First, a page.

May 5, 2015


Gum disease or periodontitis can sneak up on people. Early stages often don’t have obvious symptoms. If left untreated, inflammation in the gums can lead to tenderness, persistent bad breath, and even tooth loss.

According to the Centers for Disease Control, about half of all Americans have mild gum disease or worse. Gum disease treatments can include surgery like bone grafts or non-surgical treatments like root planing or Dr Alger’s new treatment option, perioscopy.

What is gum disease?

Periodontitis is a chronic inflammatory disease. It affects the gums and the bones that support your teeth within the jaw.

Symptoms may not be obvious to the patient if there is no bleeding or soreness from brushing or flossing. Often dentists are the first to realize that the gums are having serious issues.

Your body’s inflammatory response to gum disease leads to problems elsewhere. Recent studies show gum disease can worsen diabetes and heart disease. If plaque and tartar have taken hold beneath the gum line, professional treatment is necessary to remove this to prevent further damage.

What are the surgical treatments?

Flap surgery: gums are cut and gently reflected from the tooth root to remove the tartar deposits. The gums are then sutured back in place to fit more closely and close up the pockets between the gums and teeth that form as part of the disease.

Bone and soft tissue grafts: taking bone or tissue from elsewhere and adding it to the root or jaw to fill the pockets. This may allow the body to grow more bone or gum tissue along the graft to fill in the gaps and improve strength.

What are the non-surgical gum disease options?

Drug therapy: including antibiotic treatments marketed as mouthwashes or toothpastes, is sometimes used to treat the bacteria that causes gum disease. However, these treatments leave the plaque and craters in the bone behind. These rough spots will quickly be repopulated with harmful bacteria.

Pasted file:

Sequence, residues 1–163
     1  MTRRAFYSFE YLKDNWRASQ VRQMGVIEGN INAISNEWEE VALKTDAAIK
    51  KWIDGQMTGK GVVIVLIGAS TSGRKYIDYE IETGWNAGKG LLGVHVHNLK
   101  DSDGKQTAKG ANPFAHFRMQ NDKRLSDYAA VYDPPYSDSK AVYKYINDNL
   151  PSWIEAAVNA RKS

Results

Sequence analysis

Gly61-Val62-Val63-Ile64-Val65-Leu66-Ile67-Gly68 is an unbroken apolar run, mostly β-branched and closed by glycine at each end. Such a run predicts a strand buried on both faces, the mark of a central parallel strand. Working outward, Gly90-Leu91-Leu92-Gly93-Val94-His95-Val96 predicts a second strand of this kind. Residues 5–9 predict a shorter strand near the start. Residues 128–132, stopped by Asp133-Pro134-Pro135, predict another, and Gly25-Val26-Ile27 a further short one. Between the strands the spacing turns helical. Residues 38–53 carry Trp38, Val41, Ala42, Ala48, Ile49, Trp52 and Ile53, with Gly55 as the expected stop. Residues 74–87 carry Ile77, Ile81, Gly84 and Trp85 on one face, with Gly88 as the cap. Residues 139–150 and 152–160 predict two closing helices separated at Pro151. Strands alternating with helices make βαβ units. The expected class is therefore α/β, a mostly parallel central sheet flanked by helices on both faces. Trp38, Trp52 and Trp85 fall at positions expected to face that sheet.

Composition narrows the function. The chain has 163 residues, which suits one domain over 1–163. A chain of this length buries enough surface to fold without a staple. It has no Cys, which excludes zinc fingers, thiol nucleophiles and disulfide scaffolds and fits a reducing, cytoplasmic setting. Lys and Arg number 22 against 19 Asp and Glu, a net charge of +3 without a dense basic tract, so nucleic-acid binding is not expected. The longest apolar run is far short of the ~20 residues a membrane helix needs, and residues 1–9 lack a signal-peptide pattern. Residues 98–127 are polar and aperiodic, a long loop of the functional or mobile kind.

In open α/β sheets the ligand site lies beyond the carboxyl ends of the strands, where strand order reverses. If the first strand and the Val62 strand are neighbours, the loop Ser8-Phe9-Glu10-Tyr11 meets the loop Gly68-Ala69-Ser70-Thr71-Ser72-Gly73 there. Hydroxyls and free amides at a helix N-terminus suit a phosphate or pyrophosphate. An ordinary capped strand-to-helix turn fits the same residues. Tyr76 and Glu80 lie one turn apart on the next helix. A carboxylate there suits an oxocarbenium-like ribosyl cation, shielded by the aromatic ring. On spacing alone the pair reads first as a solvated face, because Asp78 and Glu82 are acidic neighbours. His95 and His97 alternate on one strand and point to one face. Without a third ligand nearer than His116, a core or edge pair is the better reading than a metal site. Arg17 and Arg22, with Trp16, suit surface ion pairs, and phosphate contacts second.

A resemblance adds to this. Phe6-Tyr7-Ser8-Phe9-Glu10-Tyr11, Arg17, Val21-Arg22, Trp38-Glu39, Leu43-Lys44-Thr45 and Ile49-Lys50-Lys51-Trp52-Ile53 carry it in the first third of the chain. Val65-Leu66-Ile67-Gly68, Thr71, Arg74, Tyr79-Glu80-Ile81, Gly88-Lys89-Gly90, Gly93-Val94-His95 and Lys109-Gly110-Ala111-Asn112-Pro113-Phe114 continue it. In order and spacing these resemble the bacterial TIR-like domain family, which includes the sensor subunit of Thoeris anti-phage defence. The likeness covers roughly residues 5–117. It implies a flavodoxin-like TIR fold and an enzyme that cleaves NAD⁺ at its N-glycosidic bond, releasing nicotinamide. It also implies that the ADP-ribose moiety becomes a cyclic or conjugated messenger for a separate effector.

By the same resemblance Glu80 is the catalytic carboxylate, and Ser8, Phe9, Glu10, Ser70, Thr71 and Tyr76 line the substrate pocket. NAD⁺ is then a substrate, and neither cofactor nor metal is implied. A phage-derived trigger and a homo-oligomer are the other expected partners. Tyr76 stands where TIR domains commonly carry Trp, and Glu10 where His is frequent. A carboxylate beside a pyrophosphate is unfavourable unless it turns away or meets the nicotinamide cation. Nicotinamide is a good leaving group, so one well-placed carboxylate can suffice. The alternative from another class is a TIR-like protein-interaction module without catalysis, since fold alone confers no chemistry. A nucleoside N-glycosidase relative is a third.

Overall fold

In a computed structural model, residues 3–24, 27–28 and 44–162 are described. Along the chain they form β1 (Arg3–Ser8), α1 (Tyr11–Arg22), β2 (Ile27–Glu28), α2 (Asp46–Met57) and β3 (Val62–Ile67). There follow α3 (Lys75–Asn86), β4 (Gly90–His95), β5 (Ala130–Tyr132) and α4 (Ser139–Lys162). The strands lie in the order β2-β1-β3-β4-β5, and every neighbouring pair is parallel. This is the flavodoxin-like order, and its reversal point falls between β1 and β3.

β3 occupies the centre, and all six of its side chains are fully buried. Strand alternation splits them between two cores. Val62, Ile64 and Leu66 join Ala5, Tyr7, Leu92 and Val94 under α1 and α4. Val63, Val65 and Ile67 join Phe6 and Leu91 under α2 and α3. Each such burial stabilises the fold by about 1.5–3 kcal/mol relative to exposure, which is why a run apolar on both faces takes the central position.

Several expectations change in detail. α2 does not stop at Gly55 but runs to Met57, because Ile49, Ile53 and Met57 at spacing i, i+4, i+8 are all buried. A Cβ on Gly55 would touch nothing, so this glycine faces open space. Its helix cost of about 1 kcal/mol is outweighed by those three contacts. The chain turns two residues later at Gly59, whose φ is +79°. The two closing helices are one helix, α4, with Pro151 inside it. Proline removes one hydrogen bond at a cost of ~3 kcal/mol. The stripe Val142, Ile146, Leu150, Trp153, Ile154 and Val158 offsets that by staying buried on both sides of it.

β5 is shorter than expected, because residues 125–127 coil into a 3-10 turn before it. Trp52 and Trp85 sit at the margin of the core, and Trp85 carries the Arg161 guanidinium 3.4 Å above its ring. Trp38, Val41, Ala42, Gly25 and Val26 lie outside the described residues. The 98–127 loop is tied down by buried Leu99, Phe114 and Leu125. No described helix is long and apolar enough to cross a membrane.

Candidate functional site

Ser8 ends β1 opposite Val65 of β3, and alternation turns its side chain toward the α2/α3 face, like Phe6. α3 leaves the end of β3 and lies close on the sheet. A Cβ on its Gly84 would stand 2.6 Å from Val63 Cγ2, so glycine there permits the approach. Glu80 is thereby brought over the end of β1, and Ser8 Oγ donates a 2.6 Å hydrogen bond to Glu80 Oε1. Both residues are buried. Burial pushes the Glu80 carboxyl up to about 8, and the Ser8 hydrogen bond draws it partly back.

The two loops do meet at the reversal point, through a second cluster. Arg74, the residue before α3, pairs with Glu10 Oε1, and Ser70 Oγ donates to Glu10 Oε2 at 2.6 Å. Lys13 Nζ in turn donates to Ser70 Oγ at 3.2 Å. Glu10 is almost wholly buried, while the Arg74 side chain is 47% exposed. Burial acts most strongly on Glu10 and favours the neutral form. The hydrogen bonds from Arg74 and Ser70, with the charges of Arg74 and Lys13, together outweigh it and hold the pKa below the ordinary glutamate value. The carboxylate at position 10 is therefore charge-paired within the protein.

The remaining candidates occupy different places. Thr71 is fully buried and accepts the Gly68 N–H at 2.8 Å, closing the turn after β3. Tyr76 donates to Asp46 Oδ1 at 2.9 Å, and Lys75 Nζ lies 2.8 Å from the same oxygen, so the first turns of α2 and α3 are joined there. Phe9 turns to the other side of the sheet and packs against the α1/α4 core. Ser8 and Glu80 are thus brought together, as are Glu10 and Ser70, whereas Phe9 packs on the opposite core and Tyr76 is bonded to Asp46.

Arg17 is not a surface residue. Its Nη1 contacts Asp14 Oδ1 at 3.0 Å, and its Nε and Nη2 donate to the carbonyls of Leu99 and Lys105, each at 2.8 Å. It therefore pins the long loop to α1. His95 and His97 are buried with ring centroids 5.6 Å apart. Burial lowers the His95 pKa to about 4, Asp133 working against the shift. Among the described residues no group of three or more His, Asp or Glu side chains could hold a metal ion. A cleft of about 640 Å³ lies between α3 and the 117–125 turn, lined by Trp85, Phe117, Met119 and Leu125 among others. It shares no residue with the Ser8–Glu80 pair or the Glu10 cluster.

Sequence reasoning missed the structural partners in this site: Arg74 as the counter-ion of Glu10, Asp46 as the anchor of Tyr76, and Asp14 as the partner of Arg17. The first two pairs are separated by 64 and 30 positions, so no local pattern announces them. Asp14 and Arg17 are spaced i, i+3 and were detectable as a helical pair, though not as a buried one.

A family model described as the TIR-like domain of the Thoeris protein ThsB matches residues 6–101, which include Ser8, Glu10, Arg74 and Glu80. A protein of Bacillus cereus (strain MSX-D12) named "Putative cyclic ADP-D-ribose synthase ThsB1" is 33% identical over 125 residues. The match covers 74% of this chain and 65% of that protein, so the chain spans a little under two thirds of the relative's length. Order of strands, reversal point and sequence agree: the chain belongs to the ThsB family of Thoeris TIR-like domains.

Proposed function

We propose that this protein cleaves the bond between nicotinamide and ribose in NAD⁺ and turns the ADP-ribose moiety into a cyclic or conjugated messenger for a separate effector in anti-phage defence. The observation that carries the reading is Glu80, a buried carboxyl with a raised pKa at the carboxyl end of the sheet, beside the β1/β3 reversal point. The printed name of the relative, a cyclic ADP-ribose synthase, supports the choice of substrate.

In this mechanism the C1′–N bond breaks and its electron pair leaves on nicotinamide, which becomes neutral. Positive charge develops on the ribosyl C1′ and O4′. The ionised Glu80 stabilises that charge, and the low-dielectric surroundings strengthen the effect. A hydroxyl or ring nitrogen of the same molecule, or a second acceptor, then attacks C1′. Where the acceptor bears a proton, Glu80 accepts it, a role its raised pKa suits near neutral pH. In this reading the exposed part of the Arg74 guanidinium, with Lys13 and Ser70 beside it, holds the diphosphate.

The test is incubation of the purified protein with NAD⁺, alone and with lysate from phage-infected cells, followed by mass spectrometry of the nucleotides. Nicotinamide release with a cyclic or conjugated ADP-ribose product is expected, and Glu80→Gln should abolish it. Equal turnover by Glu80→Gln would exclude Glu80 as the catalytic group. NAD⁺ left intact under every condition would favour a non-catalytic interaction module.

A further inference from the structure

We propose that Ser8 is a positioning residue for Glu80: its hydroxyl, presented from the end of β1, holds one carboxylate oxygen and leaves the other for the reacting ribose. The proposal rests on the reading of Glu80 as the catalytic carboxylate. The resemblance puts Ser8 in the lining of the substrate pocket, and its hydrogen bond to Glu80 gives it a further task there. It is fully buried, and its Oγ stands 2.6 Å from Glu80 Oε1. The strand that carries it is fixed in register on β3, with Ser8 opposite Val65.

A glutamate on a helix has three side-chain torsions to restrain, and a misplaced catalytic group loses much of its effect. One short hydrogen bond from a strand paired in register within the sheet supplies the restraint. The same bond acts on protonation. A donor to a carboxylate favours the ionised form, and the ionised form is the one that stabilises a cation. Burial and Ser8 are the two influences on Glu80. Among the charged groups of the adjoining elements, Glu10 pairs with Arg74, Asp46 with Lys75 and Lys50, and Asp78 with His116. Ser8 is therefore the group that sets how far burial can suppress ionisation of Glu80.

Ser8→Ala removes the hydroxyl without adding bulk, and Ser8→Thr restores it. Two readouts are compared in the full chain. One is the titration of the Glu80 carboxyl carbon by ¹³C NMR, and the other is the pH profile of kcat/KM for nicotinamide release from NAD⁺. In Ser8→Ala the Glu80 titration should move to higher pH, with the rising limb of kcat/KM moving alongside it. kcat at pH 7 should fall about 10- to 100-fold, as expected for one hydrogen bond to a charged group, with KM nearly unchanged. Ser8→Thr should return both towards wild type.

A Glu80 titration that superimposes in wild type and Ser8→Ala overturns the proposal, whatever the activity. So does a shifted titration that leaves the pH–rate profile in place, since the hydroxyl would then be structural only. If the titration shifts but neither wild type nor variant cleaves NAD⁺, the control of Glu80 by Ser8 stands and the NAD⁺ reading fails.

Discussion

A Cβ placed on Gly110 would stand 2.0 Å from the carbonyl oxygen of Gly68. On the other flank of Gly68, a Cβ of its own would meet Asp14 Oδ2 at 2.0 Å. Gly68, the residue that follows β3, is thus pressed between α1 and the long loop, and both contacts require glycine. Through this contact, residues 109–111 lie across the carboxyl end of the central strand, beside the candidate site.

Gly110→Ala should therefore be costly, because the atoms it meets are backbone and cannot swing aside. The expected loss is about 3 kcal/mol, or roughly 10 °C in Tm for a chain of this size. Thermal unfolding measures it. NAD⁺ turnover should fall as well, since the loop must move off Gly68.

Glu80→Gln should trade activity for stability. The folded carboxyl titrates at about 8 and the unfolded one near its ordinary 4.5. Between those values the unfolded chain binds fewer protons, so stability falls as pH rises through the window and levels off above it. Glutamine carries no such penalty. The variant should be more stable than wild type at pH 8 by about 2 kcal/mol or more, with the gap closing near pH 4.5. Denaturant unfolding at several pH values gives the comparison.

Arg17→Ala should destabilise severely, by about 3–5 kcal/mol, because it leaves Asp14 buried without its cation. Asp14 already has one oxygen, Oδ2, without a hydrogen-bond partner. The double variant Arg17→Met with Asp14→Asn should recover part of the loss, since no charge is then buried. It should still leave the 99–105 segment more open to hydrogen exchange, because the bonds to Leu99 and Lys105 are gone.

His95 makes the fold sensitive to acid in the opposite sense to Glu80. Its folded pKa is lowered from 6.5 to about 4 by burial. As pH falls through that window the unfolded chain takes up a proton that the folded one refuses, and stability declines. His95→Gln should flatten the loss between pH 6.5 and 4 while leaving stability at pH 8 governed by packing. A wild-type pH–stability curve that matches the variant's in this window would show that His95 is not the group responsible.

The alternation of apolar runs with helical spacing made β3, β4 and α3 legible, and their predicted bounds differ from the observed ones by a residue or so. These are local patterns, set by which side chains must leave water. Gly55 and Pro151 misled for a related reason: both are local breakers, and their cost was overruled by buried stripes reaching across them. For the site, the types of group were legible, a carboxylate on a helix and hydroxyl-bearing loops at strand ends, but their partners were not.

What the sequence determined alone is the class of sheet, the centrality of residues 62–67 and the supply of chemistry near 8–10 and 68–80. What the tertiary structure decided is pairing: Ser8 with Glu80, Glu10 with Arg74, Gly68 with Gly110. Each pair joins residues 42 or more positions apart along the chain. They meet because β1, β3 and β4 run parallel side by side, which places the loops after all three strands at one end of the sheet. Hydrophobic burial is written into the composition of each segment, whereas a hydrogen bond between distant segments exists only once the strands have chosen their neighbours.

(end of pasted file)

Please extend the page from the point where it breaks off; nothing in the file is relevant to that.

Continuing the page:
Scaling and planing: smoothes the rough spots caused by the plaque and tartar at and under the root line. Antibiotic therapy keeps bacteria from coming back before the gums can heal. Scaling and root planing is often done with local anesthetic.

Traditional scaling and planing: is done ‘blind’ where the dentist cannot see under the root line. Even a skilled dentist can miss spots or scale root areas that don’t need it. This could lead to repeating the procedure on missed areas or sensitivity where it was done needlessly.

What is perioscopy and how does it help?

Perioscopy involves a miniature camera at the end of a thin probe that allows Dr. Alger to see your teeth and roots under the gum line at over 40 times magnification.

Seeing the teeth and roots in extreme detail allows Dr. Alger and his team to see exactly what areas need to be treated and what areas can be left alone to heal without scaling. This reduces healing time, lessens the chance of repeat treatments and helps patients to avoid surgery and complications.

The scope also shows small but important abnormalities, fractures or decay that might not show up on x-rays. Dr. Alger sees the perioscope system as an important investment in his patients’ overall oral health.

Contact Dr. Fred Alger and his team today to set up an appointment to see if you’re one of the 50 percent of Americans who are losing the battle with gum disease – and if the perioscope system at his office is the weapon you need to win the war for your teeth!